Purpose of review: Sarcoidosis is a multisystem inflammatory disease, characterized by the presence of noncaseating granulomas. Ocular inflammation is often the first manifestation of the disease, and uveitis can be the driving force for treatment. The goal of this review was to provide an update on the relationship between ocular and systemic disease, with a particular focus on cardiac sarcoidosis. Recent findings: Chest radiograph remains the best imaging tool for sarcoidosis, although newer modalities, such as wholebody PET scan, cardiac MRI, and chest computed tomography (CT), may provide additional valuable information in select populations. Ocular sarcoidosis is a marker for vascular endothelial dysfunction and increased arterial rigidity. Choroidal involvement is associated with an increased risk of cardiac disease requiring intervention. Cardiac disease continues to be underdiagnosed in patients with sarcoidosis, although it remains a leading cause of death. Summary: Sarcoidosis is a systemic disease, and ophthalmologists should continually assess patients for extraocular manifestations. Although no screening guidelines exist, baseline ECGs on asymptomatic patients might identify those at risk for adverse cardiac events. Patients with symptoms of cardiac disease, including palpitations, chest pain, and dyspnea, should have an evaluation by a cardiologist.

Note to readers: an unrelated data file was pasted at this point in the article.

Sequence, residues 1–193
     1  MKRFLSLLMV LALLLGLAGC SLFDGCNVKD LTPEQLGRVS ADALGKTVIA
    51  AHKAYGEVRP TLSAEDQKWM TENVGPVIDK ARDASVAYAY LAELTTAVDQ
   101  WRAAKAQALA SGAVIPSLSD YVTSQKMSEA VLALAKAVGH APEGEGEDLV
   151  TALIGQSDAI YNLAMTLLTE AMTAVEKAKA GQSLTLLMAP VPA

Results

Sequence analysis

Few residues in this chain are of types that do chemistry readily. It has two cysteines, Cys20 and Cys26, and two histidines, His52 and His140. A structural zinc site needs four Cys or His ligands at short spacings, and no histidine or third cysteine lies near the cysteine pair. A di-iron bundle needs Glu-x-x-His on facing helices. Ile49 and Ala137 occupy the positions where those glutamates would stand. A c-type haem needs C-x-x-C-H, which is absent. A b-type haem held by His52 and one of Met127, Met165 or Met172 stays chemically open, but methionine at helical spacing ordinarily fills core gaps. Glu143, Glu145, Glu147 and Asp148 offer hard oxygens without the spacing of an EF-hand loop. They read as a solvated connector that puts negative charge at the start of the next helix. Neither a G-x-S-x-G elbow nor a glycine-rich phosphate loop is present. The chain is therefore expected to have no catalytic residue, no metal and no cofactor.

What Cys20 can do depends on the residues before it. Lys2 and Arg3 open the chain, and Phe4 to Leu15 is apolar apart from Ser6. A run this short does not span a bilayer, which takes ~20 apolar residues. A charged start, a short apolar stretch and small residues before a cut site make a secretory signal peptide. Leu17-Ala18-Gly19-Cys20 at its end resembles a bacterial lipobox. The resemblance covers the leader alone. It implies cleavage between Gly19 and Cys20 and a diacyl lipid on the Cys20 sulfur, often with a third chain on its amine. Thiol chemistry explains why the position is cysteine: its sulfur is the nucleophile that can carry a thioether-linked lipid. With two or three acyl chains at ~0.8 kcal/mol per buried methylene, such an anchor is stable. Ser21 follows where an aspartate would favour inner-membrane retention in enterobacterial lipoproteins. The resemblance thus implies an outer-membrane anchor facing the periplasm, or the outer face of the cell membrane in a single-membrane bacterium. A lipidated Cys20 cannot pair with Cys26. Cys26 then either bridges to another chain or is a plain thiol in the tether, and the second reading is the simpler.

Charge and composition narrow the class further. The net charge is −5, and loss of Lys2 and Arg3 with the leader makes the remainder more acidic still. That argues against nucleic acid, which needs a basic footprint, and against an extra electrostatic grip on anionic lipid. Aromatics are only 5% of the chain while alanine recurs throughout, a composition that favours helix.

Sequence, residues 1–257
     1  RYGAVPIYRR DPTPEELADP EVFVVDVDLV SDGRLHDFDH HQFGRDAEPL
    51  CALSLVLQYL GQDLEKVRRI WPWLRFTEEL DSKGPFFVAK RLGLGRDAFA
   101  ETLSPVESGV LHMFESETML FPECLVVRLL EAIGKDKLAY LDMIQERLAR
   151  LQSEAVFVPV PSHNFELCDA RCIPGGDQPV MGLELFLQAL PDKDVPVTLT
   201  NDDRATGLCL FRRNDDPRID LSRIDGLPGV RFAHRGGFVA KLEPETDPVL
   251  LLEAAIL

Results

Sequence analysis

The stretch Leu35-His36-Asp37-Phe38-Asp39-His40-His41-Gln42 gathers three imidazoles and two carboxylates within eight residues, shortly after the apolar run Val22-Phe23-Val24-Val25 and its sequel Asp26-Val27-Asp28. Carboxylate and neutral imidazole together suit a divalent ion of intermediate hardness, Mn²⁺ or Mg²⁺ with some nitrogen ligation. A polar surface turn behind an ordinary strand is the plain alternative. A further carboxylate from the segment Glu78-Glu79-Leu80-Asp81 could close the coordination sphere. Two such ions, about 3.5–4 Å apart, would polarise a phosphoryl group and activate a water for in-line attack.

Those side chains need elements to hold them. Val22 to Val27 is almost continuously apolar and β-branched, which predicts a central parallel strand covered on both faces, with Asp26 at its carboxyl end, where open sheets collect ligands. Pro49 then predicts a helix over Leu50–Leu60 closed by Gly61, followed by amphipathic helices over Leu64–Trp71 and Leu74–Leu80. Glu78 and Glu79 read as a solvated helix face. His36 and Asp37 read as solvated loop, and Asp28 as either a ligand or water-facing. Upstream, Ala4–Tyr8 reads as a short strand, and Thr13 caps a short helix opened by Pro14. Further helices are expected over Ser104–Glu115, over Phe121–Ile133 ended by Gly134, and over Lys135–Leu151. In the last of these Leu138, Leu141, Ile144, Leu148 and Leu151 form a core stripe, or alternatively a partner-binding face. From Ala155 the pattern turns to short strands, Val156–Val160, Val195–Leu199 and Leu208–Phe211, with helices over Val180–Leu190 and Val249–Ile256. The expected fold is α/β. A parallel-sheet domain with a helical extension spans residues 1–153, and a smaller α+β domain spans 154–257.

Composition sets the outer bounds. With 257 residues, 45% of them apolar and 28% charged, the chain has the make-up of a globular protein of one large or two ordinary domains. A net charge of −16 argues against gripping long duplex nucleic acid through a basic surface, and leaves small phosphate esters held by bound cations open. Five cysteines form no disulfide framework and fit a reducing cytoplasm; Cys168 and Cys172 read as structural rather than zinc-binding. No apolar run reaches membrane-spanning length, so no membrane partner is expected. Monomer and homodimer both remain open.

- Cardiac disease
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